The Seminoles

Seminoles womanFor centuries, native people known as the Muscogee lived in what would become the southeastern United States. They were incorrectly referred to as “Creeks” by English speakers. After the Creek War in 1813-14, which forced them to give up millions of acres of their land, the most determined Creeks fled to Spanish Florida. There, they joined with the descendants of Indians who had lived throughout Florida’s forests for centuries. These native people referred to themselves as yat’siminoli, which means “free people.” Eventually, the Indians in Florida came to be known as “Seminoles.”


Spain was no longer the powerful nation it once was. It had very little control over events in Florida. After numerous attacks on white settlers by Seminoles following the Creek War, the United States government sent troops to Florida. The troops were commanded by Andrew Jackson, a tough general from Tennessee.

Many Americans at the time hated Native Americans because they fought with the British in both the American Revolution and the War of 1812. Americans saw Indians as a threat to their security. The Seminoles in Florida also took in runaway slaves. This angered many Southern slave-owners.

Jackson was ordered to follow the Seminoles into Spanish territory, but he was not allowed to attack Spanish posts. Instead, Jackson was determined to settle the “Indian problem.” He attacked a Spanish fort at St. Marks and destroyed Seminole villages. Between 1814 and 1818, US troops attacked the Seminoles and their African American allies in what became known as the First Seminole War.

In 1819, the United States gained Florida from Spain. This brought even more settlers into Seminole territory, especially their settlement at Tallahassee. Because of continued attacks, the governor of Florida forced the Seminoles to sign the Treaty of Moultrie Creek. This treaty forced them to give up their land and move south to a reservation in central Florida. They were also required to stop hiding runaway slaves.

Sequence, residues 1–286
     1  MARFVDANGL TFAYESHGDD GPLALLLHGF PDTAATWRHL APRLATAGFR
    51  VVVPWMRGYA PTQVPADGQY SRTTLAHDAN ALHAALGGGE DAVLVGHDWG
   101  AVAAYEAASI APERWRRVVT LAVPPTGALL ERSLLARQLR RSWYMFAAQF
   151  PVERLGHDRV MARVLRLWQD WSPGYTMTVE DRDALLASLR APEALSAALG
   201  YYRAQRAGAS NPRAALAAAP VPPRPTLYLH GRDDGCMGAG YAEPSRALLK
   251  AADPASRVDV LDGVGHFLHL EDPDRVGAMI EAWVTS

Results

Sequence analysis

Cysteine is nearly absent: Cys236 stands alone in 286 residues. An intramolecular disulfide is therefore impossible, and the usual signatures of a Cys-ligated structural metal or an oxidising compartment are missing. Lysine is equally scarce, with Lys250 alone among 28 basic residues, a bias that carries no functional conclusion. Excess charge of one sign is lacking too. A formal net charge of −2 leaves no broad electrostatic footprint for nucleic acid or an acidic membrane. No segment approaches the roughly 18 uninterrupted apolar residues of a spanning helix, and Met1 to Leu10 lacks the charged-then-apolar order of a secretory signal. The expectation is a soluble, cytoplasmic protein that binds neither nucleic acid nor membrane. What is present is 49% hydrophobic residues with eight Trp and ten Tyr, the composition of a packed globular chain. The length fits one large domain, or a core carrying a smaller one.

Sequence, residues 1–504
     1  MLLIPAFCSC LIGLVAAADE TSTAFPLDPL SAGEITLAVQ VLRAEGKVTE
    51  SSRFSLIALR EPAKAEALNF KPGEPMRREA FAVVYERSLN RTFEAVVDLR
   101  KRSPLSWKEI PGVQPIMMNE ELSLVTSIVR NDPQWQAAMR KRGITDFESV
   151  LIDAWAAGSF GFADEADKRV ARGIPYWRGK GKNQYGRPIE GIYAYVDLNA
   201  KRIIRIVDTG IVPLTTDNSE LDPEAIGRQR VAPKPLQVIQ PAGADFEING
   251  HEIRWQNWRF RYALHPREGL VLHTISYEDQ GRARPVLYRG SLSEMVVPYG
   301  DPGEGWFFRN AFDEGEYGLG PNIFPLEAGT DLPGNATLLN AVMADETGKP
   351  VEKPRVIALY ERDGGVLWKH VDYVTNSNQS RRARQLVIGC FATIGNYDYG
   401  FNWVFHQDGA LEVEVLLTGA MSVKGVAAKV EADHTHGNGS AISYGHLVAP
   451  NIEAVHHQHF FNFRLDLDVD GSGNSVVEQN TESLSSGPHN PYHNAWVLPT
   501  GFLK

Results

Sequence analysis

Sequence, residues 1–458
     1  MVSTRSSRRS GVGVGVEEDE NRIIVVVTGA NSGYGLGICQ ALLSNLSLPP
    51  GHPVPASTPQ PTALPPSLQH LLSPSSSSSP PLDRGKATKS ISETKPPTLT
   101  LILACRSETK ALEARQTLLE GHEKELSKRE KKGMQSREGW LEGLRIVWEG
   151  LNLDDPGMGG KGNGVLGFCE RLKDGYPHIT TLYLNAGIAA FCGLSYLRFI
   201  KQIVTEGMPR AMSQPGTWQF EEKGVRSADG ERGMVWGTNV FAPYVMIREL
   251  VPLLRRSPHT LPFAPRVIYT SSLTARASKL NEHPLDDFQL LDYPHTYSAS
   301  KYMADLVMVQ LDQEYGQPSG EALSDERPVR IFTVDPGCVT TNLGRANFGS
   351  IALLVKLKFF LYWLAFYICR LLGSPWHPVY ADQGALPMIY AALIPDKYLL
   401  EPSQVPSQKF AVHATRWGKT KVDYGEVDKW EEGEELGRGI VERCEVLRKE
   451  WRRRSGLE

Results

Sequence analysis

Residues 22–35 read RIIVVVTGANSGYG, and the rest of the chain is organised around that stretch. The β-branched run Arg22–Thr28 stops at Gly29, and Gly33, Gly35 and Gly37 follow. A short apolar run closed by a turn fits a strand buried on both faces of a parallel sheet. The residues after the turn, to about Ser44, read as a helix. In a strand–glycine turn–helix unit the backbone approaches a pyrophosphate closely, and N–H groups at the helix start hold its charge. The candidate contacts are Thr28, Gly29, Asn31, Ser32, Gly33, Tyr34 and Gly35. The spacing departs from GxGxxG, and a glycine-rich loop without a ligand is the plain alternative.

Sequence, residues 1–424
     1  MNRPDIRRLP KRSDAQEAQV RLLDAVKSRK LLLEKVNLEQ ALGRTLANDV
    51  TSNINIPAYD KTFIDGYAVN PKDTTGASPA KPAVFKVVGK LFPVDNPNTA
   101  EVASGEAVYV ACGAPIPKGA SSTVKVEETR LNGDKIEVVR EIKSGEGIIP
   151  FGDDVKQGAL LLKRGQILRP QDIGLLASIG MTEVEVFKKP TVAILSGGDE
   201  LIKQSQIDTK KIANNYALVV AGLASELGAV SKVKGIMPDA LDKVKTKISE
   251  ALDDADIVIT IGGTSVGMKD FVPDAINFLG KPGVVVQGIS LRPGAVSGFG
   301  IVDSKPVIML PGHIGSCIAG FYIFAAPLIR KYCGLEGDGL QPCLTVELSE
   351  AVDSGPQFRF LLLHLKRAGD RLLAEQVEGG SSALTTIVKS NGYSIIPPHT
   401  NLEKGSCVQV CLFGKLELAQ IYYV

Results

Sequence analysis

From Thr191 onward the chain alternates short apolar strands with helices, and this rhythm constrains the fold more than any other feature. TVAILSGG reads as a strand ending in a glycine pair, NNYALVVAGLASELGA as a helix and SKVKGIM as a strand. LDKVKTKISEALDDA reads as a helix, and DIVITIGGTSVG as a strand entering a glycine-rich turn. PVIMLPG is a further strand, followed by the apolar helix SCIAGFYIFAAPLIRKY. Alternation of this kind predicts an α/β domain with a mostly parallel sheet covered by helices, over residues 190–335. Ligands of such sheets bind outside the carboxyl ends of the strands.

The Second Seminole War erupted when the Seminoles rejected the treaty. It lasted from 1835 to 1842 and was the bloodiest war against an American Indian tribe in history. The Seminoles were led by a skilled warrior named Osceola, but he was no match for US troops. The Seminoles were pushed further and further into the wilderness. Osceola was eventually captured and died in prison. Many Seminoles were sent to reservations in the west, and Florida was admitted as a state in 1845.

The Seminoles were never completely defeated, however. Some continued to fight periodically in the 1850s. A small number of Seminoles withdrew into the Everglades rather than surrender. Some of their ancestors still live there!

Some Facts About the Seminoles:

• Florida State University, which is located in Tallahassee, has a Seminole Indian as their mascot.
• Osceola had an African American wife, and hated the practice of slavery.
• Before every Florida State University football game, a student dressed as Osceola rides a horse onto the football field and plants a flaming spear in the middle of the football field!